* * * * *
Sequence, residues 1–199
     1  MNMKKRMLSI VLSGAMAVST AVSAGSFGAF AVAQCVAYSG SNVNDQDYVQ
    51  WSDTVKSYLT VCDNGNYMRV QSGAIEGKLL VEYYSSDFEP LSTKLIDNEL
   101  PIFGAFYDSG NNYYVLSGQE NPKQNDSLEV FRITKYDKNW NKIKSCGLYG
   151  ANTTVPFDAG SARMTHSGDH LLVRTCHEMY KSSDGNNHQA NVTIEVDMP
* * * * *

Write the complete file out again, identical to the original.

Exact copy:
Sequence, residues 1–199
     1  MNMKKRMLSI VLSGAMAVST AVSAGSFGAF AVAQCVAYSG SNVNDQDYVQ
    51  WSDTVKSYLT VCDNGNYMRV QSGAIEGKLL VEYYSSDFEP LSTKLIDNEL
   101  PIFGAFYDSG NNYYVLSGQE NPKQNDSLEV FRITKYDKNW NKIKSCGLYG
   151  ANTTVPFDAG SARMTHSGDH LLVRTCHEMY KSSDGNNHQA NVTIEVDMP